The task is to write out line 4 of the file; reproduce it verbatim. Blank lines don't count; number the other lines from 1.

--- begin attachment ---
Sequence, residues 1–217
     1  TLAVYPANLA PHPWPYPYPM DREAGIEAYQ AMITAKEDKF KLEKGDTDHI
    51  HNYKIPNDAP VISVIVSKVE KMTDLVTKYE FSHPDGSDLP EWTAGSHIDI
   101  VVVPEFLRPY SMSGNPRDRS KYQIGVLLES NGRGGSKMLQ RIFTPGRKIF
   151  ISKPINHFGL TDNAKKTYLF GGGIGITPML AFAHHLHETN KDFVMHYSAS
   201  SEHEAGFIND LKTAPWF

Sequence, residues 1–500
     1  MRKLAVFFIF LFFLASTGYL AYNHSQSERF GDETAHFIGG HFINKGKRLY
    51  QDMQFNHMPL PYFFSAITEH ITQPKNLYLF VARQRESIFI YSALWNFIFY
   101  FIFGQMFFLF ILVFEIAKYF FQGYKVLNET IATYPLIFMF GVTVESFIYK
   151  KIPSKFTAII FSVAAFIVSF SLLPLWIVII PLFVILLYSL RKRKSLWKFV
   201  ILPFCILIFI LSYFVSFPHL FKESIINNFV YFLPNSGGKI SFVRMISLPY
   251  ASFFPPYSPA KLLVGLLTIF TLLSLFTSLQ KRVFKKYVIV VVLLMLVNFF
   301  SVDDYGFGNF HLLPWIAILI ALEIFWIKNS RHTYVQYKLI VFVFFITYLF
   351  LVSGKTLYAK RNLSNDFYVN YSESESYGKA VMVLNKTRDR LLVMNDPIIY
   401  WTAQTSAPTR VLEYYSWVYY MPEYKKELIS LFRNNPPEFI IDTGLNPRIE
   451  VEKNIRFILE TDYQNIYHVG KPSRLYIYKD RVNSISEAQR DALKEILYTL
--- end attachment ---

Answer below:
   101  VVVPEFLRPY SMSGNPRDRS KYQIGVLLES NGRGGSKMLQ RIFTPGRKIF